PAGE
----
Monday, November 2, 2009

Question (6)

Freedom of speech is more valuable and more important than an imagined “right” not to feel insulted, right?

5 years after the killing of van Gogh


Theo Van Gogh, the great grandson of art dealer Theo Van Gogh and great grandnephew of the famed Dutch painter Vincent Van Gogh, led an extraordinary life much like his predecessors. Theo was an out-spoken and prominent Dutch film director, author, journalist, actor, producer and an advocate of free speech who used the media as an open forum to broadcast his controversial views on religion, politics and social mores and values. The candid and often provocative method he used to express his ideologies quickly propelled him into the national spotlight in the Netherlands.

However, his critical views and brusque approach also made him unpopular among a lot of people. According to a November 2, 2004 article in Expatica.com, businessman and broadcaster Harry Mens described Theo as "a bit of a 'kamikaze,' who expressed his views regardless of whom he might offend." And offend he did. He harshly criticized Christianity and Judaism. However, the Muslim community bore the brunt of his irritation, which was evident when he likened Dutch Muslim immigrants to "goat f--kers."

At approximately 8:45 a.m. on November 2, 2004 (exact 5 years ago), the 26-year-old Mohammed Bouyeri, an Islamic extremist with dual Dutch and Moroccan nationalities,
dressed in a traditional Moroccan "djelleba," brutally attacked Theo outside of a city council building as he bicycled to work in central Amsterdam. The attacker shot Theo Van Gogh and stabbed him repeatedly in the chest, callously disregarding his victim's pleas for mercy. Despite his life-threatening injuries, Theo was able to gain enough momentum to stumble to the other side of the street but by the time he made his way across, his attacker shot and stabbed him again. He then slit Theo's throat with a butcher knife as onlookers gasped in sheer horror.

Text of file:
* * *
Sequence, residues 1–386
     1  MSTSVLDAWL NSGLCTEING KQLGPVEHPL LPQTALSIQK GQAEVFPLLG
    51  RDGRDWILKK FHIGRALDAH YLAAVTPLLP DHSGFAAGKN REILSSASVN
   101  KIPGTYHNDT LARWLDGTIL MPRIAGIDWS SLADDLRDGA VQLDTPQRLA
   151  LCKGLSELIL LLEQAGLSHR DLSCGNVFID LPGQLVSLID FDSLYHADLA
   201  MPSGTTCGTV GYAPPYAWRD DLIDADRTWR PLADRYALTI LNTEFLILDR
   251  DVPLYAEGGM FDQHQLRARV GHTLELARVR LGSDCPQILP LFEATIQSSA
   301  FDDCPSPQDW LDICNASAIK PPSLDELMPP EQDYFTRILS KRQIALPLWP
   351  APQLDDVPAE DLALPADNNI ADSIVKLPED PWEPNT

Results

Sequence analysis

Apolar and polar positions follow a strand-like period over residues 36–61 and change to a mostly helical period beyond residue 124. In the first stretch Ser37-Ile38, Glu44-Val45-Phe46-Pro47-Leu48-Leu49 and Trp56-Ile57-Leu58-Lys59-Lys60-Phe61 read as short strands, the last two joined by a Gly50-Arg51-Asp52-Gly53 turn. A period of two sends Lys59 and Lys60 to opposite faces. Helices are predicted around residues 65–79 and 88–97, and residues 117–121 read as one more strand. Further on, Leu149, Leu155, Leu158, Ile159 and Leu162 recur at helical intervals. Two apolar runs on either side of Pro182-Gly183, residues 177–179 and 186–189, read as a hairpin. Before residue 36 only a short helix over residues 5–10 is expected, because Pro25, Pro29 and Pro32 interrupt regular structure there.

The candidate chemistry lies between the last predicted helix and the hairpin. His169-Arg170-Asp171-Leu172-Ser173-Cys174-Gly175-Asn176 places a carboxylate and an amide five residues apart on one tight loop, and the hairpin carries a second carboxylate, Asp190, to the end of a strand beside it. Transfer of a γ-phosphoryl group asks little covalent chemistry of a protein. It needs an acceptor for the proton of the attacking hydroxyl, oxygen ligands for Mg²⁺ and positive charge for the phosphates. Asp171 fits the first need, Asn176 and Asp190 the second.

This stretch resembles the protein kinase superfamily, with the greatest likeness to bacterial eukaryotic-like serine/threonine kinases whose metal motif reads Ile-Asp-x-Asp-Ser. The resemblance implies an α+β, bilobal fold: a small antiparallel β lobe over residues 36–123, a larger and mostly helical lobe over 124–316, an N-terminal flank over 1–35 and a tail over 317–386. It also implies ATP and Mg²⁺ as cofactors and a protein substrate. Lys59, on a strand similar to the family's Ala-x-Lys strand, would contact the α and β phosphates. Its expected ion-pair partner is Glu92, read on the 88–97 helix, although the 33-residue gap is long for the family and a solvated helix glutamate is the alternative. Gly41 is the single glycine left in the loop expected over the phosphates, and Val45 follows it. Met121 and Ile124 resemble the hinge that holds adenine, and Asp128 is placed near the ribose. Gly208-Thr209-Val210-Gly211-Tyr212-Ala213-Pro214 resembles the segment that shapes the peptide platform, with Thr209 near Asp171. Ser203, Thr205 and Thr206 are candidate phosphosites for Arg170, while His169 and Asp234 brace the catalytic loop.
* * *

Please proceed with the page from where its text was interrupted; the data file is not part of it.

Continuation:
Today, all the Dutch newspapers mark the event that shook the Netherlands to the core. The image of being an open, tolerant society where one could say anything was shattered and Dutch society changed in a fundamental way. Van Gogh was of rude, coarse and - according to many - offensive but his murder was an abhorrent act that can never be justified. The murder also had far-reaching consequences, many analysts believe that Geert Wilders and his far-right Freedom Party wouldn't be nearly so popular if van Gogh hadn't been slaughtered.

The general trend in the Netherlands is that"After van Gogh, people are scared to say anything controversial". Ton Folkertsma, who watched as Mohammed Bouyeri butchered the filmmaker, tells a Dutch paper that his life hasn't been the same since the murder and that the country has changed, "things are going badly in the Netherlands, things can't continue as they are. Maybe I'll be murdered tomorrow, or maybe it will be you".

Political scientist Sebastiaan van der Lubben who says that the murder created a general climate of fear that has now become institutionalised, "since van Gogh's murder, Wilders has been under 24-hour guard. That, to me, is ample evidence that the Netherlands has fundamentally changed".

The writer Nahed Selimş A Dutch/Egyptian Muslimfeministe sais, "I'd call van Gogh a martyr for the cause of freedom of expression".

Day Opening - November 2


While the Sahara Desert is a wonderful place to see for the wide expanse of sand dunes, the sunset there is sure to take your breath away. A night spent camping on the sand dunes of this three-million year old desert, watching the sky change colors at dusk, is a dream come true for any nature lover. (click on picture to enlarge)